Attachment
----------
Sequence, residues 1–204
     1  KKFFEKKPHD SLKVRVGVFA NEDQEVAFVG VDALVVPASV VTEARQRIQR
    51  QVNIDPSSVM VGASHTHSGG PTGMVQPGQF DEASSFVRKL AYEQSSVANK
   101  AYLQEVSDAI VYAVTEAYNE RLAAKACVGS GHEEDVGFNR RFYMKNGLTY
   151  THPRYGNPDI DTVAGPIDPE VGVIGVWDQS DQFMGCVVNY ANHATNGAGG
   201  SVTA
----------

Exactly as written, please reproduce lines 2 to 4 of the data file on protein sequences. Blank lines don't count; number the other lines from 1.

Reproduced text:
     1  KKFFEKKPHD SLKVRVGVFA NEDQEVAFVG VDALVVPASV VTEARQRIQR
    51  QVNIDPSSVM VGASHTHSGG PTGMVQPGQF DEASSFVRKL AYEQSSVANK
   101  AYLQEVSDAI VYAVTEAYNE RLAAKACVGS GHEEDVGFNR RFYMKNGLTY